More info

  • The RSPB website has travel directions and further information on visiting Otmoor. Please park responsibly!

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My British bucket list: 100 things to do in the UK

There are so many places I’d love to visit around the world but I don’t have the time or money to travel extensively. Fortunately there’s lots to see and do in the UK so I’ve created a bucket list which will keep me busy for the next few years.

My bucket list favours outdoor attractions, walks and great scenery as that’s what I enjoy. It may look like I’ve ignored vast swathes of the country and prime tourist attractions but that’s because I’ve already visited many of them!

What’s on my bucket list?

  1. Wild camp on Dartmoor.
  2. Walk a long distance path. We walked the South Downs Way across four weekends.
  3. Cycle the towpath from Bath to Bradford-on-Avon. We walked rather than cycled but I’m still counting it!
  4. Spend a night on Lundy Island, Devon.
  5. Enjoy a weekend break in Lincoln.
  6. Join a tour of Highgate Cemetery, London.
  7. See the Purton Ships graveyard, Gloucestershire.
  8. Brave the Via Ferrata at Honister Slate Mine, Cumbria.
  9. Camp on Bryher, one of the Isles of Scilly.
  10. Climb Up at the O2, London
  11. Watch a Highland Games in Scotland.
  12. Spend a week exploring the Isle of Anglesey. Here’s our list of 10 things we enjoyed on Anglesey, including the best sunset in Wales at Newborough Beach.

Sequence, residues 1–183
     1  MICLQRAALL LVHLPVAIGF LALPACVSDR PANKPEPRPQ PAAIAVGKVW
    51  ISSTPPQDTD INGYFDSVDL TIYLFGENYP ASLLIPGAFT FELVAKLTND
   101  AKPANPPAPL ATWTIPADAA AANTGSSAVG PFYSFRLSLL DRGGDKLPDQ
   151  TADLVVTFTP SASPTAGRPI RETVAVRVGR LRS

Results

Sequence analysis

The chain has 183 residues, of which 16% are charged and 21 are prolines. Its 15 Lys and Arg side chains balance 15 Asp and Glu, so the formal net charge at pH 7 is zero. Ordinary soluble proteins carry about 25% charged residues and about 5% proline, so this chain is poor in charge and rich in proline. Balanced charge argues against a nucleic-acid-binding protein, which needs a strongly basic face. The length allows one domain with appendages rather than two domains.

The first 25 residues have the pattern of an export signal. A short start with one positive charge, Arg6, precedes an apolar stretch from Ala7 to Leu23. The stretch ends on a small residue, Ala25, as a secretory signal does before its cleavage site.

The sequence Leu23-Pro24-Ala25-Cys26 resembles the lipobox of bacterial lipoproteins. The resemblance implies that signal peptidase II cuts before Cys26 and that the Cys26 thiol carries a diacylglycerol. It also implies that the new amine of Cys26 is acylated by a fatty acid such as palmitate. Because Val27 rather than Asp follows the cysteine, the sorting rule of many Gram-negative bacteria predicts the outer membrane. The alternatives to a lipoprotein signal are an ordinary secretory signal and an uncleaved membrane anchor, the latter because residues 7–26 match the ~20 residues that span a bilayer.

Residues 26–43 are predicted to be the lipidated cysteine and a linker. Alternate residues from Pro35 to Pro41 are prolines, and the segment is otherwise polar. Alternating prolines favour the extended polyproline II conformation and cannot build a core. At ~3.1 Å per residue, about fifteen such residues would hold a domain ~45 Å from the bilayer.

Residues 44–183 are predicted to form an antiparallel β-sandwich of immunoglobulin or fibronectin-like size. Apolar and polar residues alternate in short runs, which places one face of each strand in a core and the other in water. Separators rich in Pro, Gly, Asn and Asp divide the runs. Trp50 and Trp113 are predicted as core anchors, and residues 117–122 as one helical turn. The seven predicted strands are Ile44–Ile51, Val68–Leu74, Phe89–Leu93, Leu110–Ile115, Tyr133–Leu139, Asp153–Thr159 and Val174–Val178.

13. Attend the Edinburgh Fringe Festival.
  14. Take an underground train ride at the Postal Museum, London.
  15. Stay in a castle.
  16. Enjoy the Gower Peninsula beaches. We tackled Worm’s Head, Rhossili.
  17. Explore the Isle of Harris.
  18. Go wildlife spotting on the Farne Islands, Northumberland.
  19. Explore Neolithic Orkney.
  20. Visit a lavender field.
  21. See Britain’s only desert at Dungeness beach, Kent.
  22. Walk part of Hadrian’s Wall, Northumberland.
  23. Enjoy the waterfall at St Nectan’s Glen, Cornwall.
  24. Stay in an Airstream caravan.
  25. Explore the deserted village of Tyneham, Dorset.
  26. Visit a tin mine in Cornwall.
  27. Spot dinosaurs at Crystal Palace, London.
  28. Eat afternoon tea somewhere posh.
  29. Discover the Rame Peninsula, Cornwall
  30. Watch the British Firework Championships in Plymouth, Devon
  31. Ride Velocity, the longest zip line in Europe at Bethesda, Gwynedd.
  32. Tour Ramsgate’s war tunnels, Kent.
  33. Watch the seabirds on Bempton Cliffs, Yorkshire.